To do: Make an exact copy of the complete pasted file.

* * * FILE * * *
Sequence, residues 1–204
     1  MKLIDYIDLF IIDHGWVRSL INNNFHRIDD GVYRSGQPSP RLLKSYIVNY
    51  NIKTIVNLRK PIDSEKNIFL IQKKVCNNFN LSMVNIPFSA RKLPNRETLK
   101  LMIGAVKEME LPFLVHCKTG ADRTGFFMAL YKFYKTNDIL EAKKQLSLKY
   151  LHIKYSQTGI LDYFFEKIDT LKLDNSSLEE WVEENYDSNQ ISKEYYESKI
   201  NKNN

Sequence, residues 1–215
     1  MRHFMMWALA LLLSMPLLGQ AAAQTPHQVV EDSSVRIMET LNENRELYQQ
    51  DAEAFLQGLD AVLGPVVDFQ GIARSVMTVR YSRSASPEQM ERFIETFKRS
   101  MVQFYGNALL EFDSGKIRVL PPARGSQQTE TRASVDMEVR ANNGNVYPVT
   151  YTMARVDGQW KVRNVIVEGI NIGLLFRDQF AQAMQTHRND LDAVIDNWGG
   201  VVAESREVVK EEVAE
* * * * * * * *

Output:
Sequence, residues 1–204
     1  MKLIDYIDLF IIDHGWVRSL INNNFHRIDD GVYRSGQPSP RLLKSYIVNY
    51  NIKTIVNLRK PIDSEKNIFL IQKKVCNNFN LSMVNIPFSA RKLPNRETLK
   101  LMIGAVKEME LPFLVHCKTG ADRTGFFMAL YKFYKTNDIL EAKKQLSLKY
   151  LHIKYSQTGI LDYFFEKIDT LKLDNSSLEE WVEENYDSNQ ISKEYYESKI
   201  NKNN

Sequence, residues 1–215
     1  MRHFMMWALA LLLSMPLLGQ AAAQTPHQVV EDSSVRIMET LNENRELYQQ
    51  DAEAFLQGLD AVLGPVVDFQ GIARSVMTVR YSRSASPEQM ERFIETFKRS
   101  MVQFYGNALL EFDSGKIRVL PPARGSQQTE TRASVDMEVR ANNGNVYPVT
   151  YTMARVDGQW KVRNVIVEGI NIGLLFRDQF AQAMQTHRND LDAVIDNWGG
   201  VVAESREVVK EEVAE